Nassau Unity Town Hall Brings Community Together to Conquer Hate


On Sunday, January 8th, over eighty people gathered at the Unitarian Universalist Congregation of Central Nassau in order to discuss how to move forward as a community as many worry about the exclusionary and discriminatory rhetoric from the incoming administration. Hosted by the Unitarian Universalist Congregation of Central Nassau, Nora Bassett of Parent Leadership Initiative of Long Island facilitated the discussion that focused on developing community action and awareness.

Bassett first reviewed the Principles of Unity, a set of four principles developed by a number of Long Island community activists, in order to give concrete ways for concerned people to further act on their ideas after the session. Afterward, the room was split up into six different groups to discuss bias incidents, and how one could use the principles in order to address the incidents and help support others in the community. Groups shared various accounts of discrimination across communities, from Hispanic people being forced out of neighborhoods to a Jewish woman being sent Trump/Pence advertisements to a Muslim man training to be a pilot who was grounded after being put on a terrorist watch-list.

Several organizations participated in the discussion, including Make the Road New York, Long Island Advocacy Center, Planned Parenthood of Nassau County, Holocaust Museum and Tolerance Center of Nassau County, the Long Island Transgender Advocacy Coalition, Parent Leadership Initiative of Long Island, and The Corridor Counts. Make the Road New York also provided interpretation services for those Spanish speakers in attendance. Many of these organizations had a representative speak at the end of the session about the various issues in need of community support, covering topics such as immigration, women’s health, policing issues, transgender rights, student’s rights, and hate crimes.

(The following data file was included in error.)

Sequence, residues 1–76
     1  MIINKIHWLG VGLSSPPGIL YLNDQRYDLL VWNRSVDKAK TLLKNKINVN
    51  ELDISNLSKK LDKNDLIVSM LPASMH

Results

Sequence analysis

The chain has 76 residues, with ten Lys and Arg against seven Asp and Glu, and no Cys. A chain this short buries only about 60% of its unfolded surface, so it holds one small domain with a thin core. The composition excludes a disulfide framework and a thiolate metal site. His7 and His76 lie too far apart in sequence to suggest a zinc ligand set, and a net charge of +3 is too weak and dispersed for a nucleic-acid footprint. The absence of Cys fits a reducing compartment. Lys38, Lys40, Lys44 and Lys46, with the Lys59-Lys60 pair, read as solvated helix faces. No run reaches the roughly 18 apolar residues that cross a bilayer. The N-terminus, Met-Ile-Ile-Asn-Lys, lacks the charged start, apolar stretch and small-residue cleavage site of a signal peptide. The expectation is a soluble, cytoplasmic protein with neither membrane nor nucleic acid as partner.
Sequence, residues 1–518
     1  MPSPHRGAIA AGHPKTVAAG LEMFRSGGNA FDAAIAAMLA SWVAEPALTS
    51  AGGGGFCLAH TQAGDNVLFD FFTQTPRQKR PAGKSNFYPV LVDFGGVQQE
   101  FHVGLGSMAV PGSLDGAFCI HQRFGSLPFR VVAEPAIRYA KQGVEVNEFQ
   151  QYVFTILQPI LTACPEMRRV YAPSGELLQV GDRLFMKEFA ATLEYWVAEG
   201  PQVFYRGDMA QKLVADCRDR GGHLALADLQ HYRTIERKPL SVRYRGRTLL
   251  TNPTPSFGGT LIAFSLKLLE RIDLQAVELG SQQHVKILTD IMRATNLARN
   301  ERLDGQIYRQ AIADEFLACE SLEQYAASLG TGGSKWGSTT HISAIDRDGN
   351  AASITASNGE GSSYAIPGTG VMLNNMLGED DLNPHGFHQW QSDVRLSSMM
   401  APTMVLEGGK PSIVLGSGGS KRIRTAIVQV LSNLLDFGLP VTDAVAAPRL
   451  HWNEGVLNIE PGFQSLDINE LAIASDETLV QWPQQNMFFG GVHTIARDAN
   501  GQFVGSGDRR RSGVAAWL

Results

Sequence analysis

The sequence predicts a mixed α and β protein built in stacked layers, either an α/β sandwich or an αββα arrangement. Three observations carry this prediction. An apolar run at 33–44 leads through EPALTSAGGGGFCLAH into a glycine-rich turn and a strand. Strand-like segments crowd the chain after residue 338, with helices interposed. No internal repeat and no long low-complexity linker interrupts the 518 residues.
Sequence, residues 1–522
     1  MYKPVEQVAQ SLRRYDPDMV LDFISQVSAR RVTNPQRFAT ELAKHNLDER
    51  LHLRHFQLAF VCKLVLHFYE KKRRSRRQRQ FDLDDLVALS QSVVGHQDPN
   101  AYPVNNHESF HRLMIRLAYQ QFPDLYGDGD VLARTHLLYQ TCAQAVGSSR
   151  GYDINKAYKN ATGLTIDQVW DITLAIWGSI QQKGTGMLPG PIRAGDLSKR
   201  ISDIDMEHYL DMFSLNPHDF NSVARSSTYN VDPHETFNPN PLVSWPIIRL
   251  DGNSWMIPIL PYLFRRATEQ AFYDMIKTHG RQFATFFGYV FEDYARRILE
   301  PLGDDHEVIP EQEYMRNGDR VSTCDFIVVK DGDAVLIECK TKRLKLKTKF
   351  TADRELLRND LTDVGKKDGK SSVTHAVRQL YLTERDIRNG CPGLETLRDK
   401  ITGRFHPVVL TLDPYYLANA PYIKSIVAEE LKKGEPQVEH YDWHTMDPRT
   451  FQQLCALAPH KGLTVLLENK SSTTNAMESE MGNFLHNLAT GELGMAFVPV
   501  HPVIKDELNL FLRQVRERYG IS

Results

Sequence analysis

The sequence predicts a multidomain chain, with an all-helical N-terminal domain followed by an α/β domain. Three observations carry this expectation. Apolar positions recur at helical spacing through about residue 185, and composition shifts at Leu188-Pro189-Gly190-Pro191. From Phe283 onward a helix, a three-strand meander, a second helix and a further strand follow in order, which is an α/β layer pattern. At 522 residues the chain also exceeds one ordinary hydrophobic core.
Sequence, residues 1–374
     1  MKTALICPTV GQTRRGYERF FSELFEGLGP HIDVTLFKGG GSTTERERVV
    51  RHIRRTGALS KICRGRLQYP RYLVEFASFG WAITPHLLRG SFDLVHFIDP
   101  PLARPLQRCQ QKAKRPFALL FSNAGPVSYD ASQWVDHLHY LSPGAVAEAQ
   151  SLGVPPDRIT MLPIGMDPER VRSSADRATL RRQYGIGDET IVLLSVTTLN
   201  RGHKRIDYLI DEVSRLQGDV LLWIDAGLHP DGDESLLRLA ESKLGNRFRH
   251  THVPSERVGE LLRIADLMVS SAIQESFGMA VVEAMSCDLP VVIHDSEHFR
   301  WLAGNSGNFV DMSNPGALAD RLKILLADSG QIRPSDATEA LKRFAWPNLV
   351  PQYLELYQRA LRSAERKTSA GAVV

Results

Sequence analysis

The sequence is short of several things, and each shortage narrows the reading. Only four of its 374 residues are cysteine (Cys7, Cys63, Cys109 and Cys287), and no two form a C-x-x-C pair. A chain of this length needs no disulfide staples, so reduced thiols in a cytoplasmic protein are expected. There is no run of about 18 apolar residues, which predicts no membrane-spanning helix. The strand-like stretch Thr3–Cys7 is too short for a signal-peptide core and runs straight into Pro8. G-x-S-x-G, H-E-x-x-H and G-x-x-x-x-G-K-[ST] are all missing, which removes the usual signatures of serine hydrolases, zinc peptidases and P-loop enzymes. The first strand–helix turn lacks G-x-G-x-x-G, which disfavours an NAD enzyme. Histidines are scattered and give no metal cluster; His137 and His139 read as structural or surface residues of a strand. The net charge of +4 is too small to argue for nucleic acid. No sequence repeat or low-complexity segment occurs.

The District Attorney’s office of Nassau County was also represented at the town hall, emphasizing their commitment to all residents of the county, regardless of their

status. “Whether they’re white or brown or beige, it doesn’t matter. The laws apply to them and regardless of their immigration status, they will be protected,” said Silvia Finkelstein, Assistant District Attorney of Nassau County and Director of the Office of Immigrant Affairs, “And I can tell you with absolute certainty that under no circumstances will the immigration status of a victim or a witness to a crime in Nassau County be reported to anybody. Because our responsibility as district attorneys is to protect all victims of crime.”

But perhaps just as important as the knowledge shared about projects and groups across the Island was also taking the time to come together and listen to one another. “I’m looking at this audience and I would say that if I wasn’t standing here, doing this presentation, there are people in here that I would never cross in my daily path,” Bassett remarked during the talk, “And so how can I understand what your perspective is if I don’t make an effort to understand?”

Below are some of the images from the Nassau Unity Town Hall:

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Sara Roncero-Menendez is the Online Editor for Long Island Wins. Prior to joining the Long Island Wins team, she graduate from NYU's Arthur L. Carter Journalism Institute and worked as a reporter for publications like Mashable, The Huffington Post, and PSFK. She became involved in immigration issues and advocacy while working towards her Masters degree at The University of Illinois - Urbana-Champaign. After joining the Graduate Employee Organization Local 6300, she worked on helping international and undocumented students work with the administration to get fair financial aid and fellowship opportunities. Sara also works on issues of representation in mass media, including film and television, and works on media reviews and podcast.